15 Tools That Helped Pioneers Survive On The American Frontier

American culture unapologetically romanticises the lives of the first pioneers. Through rose-coloured glasses, we see Manifest Destiny as fate, leading our heroic ancestors across a perfectly manicured landscape. In reality, the frontier was a terrifying, dangerous wilderness. And you were only as good as the tools you carried.

Pioneers were responsible for clearing their own land, building their homes, defending themselves, sewing their own clothes and hunting for their own food. And the devices and tools they brought with them — severely limited by weight and size — were vital lifelines to succeeding in all of those pursuits. So what were they?

Top picture: The "New home" in the far west by W.U. Morgan & Co Lith, Cleveland, O. This trade card advertising a New Home sewing machine, show a happy family outside of their house, c1881. Source: Solomon D. Butcher/Library Of Congress


An allegorical depiction of "American progress" carries telegraph wire westward. Behind her, settlers follow with stagecoaches, conestoga wagons, and railroads, symbolising the virtue of taming the western frontier. But, in truth, such conveniences took decades to appear.

Painting: George A. Crofutt/Library Of Congress


This was the reality most settlers knew. A family in front of a typical sod house, in 1886, in Nebraska, Custer County. Instead of a plush toy the boy on the right is holding a young bull. Note the ornament high on the facade.

Picture: Solomon D. Butcher/Library Of Congress


Pioneers would make their own clothes, from shearing the wool and spinning it into thread, to actually weaving the fabric and finally fashioning it into a garment.

Picture: Frontier Culture Museum


A spinning wheel from the 1820s.

Picture: Frontier Culture Museum


The print below shows two women preparing supper on a small, portable stove — a relative luxury — in front of their tents, in 1866.

Picture: James F. Gookins/Library Of Congress


A grain reaper was a vital piece of agricultural machinery. Invented by Cyrus H. McCormick in 1831, this contraption still serves as the basis for modern-day grain harvesting machines.

Picture: Frontier Culture Museum


A grain fanner, from the 1850s, would blow air through wheat to separate the chaff — an otherwise time-consuming task.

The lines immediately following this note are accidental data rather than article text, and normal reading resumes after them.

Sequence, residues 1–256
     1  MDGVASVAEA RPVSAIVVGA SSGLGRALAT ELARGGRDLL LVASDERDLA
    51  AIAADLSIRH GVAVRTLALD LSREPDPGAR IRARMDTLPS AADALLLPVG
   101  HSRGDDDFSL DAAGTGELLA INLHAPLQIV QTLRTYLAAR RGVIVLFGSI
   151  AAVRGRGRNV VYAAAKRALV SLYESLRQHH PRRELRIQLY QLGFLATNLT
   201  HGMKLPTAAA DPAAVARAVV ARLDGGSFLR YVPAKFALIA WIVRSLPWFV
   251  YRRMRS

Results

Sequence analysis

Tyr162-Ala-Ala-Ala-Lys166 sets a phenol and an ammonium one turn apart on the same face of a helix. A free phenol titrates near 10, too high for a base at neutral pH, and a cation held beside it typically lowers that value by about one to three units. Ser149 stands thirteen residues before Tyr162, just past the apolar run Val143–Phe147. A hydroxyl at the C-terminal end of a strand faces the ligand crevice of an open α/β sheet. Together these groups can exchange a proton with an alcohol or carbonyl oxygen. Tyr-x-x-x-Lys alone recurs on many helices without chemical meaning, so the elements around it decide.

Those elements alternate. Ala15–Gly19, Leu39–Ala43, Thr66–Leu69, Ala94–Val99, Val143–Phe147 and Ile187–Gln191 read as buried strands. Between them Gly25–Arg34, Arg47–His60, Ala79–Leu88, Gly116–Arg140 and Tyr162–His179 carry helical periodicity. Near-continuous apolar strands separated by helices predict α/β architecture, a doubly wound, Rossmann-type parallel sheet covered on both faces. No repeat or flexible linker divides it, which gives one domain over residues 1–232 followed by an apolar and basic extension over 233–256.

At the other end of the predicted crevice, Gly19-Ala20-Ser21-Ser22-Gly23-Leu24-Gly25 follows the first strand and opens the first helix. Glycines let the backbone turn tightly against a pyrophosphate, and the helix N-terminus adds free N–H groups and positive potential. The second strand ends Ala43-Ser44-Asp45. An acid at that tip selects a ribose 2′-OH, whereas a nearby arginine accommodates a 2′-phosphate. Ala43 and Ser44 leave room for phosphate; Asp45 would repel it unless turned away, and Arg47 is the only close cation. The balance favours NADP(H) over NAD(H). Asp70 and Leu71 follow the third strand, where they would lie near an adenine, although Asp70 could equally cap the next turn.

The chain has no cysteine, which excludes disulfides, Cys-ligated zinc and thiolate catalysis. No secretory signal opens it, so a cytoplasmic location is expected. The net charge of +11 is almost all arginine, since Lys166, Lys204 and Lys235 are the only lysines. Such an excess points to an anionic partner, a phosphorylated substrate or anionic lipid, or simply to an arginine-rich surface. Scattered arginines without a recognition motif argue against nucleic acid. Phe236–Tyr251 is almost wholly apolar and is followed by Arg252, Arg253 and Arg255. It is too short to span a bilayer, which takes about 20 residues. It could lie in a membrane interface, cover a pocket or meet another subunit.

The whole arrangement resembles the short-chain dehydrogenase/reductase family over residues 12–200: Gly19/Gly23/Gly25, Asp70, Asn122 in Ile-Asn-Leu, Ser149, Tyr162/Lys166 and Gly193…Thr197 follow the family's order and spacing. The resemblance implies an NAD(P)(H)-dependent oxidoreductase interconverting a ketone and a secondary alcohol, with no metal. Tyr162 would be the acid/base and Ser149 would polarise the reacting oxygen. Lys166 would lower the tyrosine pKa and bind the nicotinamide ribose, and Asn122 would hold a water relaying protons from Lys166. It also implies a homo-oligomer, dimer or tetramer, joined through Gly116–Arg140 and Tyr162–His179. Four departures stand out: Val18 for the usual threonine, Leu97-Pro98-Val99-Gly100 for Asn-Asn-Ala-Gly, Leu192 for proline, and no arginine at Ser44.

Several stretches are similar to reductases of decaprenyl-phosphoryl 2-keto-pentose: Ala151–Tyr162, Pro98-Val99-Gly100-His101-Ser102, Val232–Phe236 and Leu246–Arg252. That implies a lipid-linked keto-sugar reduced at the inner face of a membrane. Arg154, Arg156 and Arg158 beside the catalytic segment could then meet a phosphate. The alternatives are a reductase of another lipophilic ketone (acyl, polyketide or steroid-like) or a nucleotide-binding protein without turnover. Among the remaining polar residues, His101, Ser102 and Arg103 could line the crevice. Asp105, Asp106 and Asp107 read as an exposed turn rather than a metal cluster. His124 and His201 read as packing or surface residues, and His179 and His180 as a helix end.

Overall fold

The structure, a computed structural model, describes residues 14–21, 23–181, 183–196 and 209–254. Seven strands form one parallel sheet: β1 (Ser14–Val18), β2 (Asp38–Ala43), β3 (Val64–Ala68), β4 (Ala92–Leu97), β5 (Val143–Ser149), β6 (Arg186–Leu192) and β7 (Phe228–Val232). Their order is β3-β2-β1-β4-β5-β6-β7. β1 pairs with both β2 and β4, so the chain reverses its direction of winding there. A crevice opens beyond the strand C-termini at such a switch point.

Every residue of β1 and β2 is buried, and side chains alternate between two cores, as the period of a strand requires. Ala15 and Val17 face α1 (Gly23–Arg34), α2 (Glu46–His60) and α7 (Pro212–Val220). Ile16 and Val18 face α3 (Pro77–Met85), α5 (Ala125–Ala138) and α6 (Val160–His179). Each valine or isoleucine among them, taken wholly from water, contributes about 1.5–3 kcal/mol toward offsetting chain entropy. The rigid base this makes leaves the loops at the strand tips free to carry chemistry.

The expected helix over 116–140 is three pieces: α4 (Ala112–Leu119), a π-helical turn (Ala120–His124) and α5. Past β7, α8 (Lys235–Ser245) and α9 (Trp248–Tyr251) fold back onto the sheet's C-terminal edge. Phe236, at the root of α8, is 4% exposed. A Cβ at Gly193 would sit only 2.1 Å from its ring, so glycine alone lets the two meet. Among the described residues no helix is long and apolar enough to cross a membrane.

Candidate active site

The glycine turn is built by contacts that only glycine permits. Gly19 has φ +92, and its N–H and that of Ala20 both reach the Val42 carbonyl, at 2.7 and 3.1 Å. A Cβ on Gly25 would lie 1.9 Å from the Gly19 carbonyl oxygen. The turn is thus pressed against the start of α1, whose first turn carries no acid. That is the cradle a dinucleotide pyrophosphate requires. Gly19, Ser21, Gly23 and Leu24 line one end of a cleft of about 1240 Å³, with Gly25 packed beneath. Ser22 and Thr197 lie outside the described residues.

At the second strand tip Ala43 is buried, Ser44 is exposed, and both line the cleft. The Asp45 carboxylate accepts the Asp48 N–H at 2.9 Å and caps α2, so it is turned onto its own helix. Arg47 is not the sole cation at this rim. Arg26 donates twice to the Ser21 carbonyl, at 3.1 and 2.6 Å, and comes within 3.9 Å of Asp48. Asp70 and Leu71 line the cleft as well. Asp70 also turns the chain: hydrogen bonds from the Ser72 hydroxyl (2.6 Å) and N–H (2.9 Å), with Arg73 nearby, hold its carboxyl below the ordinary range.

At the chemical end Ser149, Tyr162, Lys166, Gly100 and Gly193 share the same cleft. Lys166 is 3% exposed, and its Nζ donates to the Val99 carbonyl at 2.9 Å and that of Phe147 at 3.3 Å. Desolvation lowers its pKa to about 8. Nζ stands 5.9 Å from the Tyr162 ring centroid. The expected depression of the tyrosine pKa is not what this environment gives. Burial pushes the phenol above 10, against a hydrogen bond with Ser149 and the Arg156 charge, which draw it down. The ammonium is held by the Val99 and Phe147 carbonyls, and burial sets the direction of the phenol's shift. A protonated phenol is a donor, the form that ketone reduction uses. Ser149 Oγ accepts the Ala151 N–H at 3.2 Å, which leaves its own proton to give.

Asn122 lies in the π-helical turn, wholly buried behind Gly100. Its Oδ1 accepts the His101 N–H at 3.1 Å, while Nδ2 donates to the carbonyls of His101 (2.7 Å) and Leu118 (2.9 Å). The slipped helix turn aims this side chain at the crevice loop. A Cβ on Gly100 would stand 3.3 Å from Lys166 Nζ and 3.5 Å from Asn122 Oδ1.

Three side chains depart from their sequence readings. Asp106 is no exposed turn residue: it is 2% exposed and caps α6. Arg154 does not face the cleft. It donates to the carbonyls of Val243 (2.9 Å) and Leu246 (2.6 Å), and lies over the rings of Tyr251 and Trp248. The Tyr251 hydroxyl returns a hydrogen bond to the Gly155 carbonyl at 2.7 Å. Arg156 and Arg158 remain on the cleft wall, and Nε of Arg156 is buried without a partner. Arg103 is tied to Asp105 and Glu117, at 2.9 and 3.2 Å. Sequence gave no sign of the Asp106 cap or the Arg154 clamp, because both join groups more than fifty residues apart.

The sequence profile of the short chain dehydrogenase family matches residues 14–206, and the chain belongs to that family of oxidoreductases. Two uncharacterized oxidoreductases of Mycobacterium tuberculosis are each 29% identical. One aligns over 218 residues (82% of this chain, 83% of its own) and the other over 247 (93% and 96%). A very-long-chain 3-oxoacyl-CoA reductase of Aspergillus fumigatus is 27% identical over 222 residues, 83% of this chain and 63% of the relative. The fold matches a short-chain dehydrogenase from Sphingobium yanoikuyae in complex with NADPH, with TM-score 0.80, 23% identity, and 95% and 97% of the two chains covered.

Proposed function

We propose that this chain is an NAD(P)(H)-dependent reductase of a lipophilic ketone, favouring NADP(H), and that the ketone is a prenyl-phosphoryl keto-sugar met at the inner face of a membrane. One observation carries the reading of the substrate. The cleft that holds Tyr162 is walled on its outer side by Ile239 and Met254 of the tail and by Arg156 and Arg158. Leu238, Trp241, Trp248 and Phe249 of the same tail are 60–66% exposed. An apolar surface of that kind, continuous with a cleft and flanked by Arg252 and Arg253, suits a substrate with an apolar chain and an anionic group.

Picture: Frontier Culture Museum


Crude ferries made river crossing incredibly dangerous. Here, people cross the Red River, in Texas, during a flood in 1874.

Engraving: Robert Hoskins/Library Of Congress


"You need only one soap: Ivory soap," proclaims this ad from 1898, which shows a pioneer washing with a novelty — floating! soap, at his campsite. You can observe other household objects and tools in the background as well.

Picture: Strobridge & Co. Lith./Library Of Congress


Messengers were sent to warn the settlers of the Indian uprising, seen here in an illustration from 1899. Note the hand-operated plow and broad axe in the picture.

Drawing: Reginald Bathurst Birch/Library Of Congress


Farm kitchen cutlery and kitchenware.

Picture: Frontier Culture Museum


By the late 19th century, families were more established. Here, we see a family standing in front of sod house with windmill on roof of adjoining building. Coburg, Nebraska, 1884-85.

Picture: Solomon D. Butcher/Library Of Congress

Frontier utility knives: a butcher knife, a skinning knife and a small antique paring knife.

Picture: Heritage Auctions


This apple crusher and cider press was high-tech for its time.

Picture: Frontier Culture Museum


A cast iron stove from the 1820s.

Picture: Frontier Culture Museum


A carving bench let craftsmen whittle and carve comfortably.

Picture: Frontier Culture Museum


A lambskin money vest, from 1853, was designed to (at least in theory) protect a settler's valuables. The vest has three rows of button pockets for holding gold and silver coins, the medium of exchange in California.

Picture: Heritage Auctions


And finally the two ultimate survival tools for the pioneers. First, a colt revolver…

Picture: Heritage Auctions


…and second, a Winchester.

Picture: Heritage Auctions

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